8. Speaking of prodigies…Lang Lang is awful…

Well, I’ve heard him do performances of sheer genius at the Wigmore Hall and the RFH. Admittedly these were a while ago, but his latest recording of the Chopin concertos contains many of the qualities that have made him so successful when he chooses to apply them – lightness of touch, joy in musicality, a terrific gift for communicating enthusiasm. He can do it when he wants to. And if you object to sparkly clothing – well, Jean-Yves Thibaudet sometimes splashes out in diamante belts, silver shoes and the occasional Vivienne Westwood number, but I’ve not heard anyone protest: one whirl of his ‘Poissons d’or’ is all you need to know how little these things matter.

9. …and Anne-Sophie Mutter is one of the greatest living violinists.

Technically she can do anything – I don’t dispute my violinist husband’s view that she has the best violin technique on earth. The problem is what she chooses to do with that technique – or has chosen to in the past six or seven years (her early work was top-notch). She declares herself ‘an artist of extremes’. And being ‘an artist of extremes’ is not the most convincing statement when it comes to the faithful interpretation of a composer’s intentions. Last time I heard her play the Beethoven concerto in London she pulled it around with such utter tastelessness that I vowed never to go to another of her concerts. Her Beethoven sonatas, too, don’t seem to have an unaffected note within them. If you are on diet and want to lose your appetite, just try her Tchaikovsky concerto recording. Given her former quality in the old days, this artistic derailing seems all the more tragic.

10. Music is pure and has nothing to do with any other art form or the psychology of its composer.

Nnnno…some music is. But a great deal isn’t, and its quality doesn’t suffer for it. Schumann was constantly inspired by literary works. Schubert’s music is suffused with his personal syphilitic tragedy. Beethoven wouldn’t have written Fidelio or the Ninth Symphony without his political and emotional ideals, nor Mozart Don Giovanni or The Magic Flute. Brahms’s ‘pure’ music is full of codes and ciphers, often targeted towards Clara Schumann. Even recent composers with experimental ideas aren’t always ‘pure’ – John Cage’s aleatoric music was as much aleatoric as it was music, perhaps existing more strongly in philosophy than in sound. Every note ever composed, apart from Cage and maybe his disciples, was somebody’s personal choice, therefore imbued at some level with all the psychological factors that affect any choice. And even Cage chose not to choose…

11. If a composer could write music for a purpose, such as films, the rest of his/her music is probably rubbish.

Composers who wrote superb music for films and concert hall alike include Vaughan Williams, William Walton, Miklos Rozsa, Shostakovich, Malcolm Arnold, Georges Auric and of course Erich Wolfgang Korngold (his Die tote Stadt, in the Willy Decker production, is going down like hot cakes in Paris at present) who has now been rehabilitated as a misunderstood great almost everywhere except the UK. Dario Marianelli, Oscar-winning composer of Atonement, has just written a piece for the LPO, due for premiere shortly; I look forward to hearing it. Bernard Herrmann, one of the greatest film composers ever, is still waiting for a full ex-cinema rediscovery. Did you know that he wrote an opera on Wuthering Heights? Neither did I. If anyone has access to a recording or a score, please send it my way…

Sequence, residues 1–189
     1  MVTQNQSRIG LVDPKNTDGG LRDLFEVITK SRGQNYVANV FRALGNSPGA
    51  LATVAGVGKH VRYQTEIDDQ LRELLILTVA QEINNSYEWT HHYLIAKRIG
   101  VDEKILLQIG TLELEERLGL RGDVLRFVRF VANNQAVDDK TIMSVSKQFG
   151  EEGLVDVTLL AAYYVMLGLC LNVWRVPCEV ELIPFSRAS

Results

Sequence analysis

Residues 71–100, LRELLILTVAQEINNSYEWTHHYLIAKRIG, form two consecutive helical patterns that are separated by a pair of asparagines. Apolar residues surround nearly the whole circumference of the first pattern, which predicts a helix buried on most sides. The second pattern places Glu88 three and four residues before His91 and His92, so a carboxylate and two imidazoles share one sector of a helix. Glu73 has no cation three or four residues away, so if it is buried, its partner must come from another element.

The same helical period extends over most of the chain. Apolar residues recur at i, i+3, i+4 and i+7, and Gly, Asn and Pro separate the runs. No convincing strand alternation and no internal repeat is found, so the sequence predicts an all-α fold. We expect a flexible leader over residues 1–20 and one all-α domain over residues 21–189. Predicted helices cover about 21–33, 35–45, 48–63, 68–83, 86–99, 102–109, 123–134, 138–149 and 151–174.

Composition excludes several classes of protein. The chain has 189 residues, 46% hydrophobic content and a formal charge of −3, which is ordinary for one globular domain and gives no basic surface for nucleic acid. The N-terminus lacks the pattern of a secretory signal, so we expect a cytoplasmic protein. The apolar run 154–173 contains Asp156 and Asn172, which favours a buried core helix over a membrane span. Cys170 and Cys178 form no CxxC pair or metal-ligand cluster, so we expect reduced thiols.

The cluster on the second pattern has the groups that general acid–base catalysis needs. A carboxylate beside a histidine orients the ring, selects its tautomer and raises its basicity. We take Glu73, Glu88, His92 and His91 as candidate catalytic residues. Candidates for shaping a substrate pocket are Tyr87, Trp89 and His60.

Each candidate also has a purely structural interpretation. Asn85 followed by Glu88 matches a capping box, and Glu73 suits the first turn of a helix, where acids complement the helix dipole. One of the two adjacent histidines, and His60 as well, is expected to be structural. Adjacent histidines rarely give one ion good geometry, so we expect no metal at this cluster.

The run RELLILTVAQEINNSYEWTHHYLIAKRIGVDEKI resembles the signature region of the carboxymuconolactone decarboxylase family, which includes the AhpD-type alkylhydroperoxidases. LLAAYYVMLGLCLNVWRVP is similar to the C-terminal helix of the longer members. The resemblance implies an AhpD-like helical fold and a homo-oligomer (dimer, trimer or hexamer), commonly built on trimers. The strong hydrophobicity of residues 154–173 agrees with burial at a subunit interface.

12. The recording industry is dead.

Nope, it’s not. It’s true that the ‘majors’ lost their way very, very badly a good few years ago and are still floundering about, but alternative rivulets are springing up where the estuary has been dammed. The news that Simon Trpceski, one of the most gifted young pianists on earth, is no longer with EMI but is to record for Avie is a sure sign that all is not as it should be with the big labels. Simon told me in an interview in Verbier that with Avie and its linked-in deal with the Royal Liverpool Phil, he is recording all the Rachmaninov concertos; but a concerto recording prospect with EMI had seemed extremely remote, despite the success of his other recordings for them. Meanwhile Stephen Kovacevich has also decamped – after decades – from that label to Onyx, which released his stunning CD of the Diabelli Variations last year. Onyx and Avie are ‘artist led’ labels, but the small independents are also going from strength to strength – Chandos is undergoing a particular resuscitation, Hyperion’s place has never faltered, and the Harmonia Mundi release list is the one I usually look forward to the most.

13. Classical music is elitist.

Classical music is a collection of sounds. As such it can’t ‘be’ elitist or anything else. Besides, that term that didn’t exist when most of it was written. It is its presentation and the discourse surrounding it that can seem elitist. 

13 1/2. Oh, and Katherine Jenkins and Andrea Bocelli are not opera singers, but you are reading this column so you probably know that.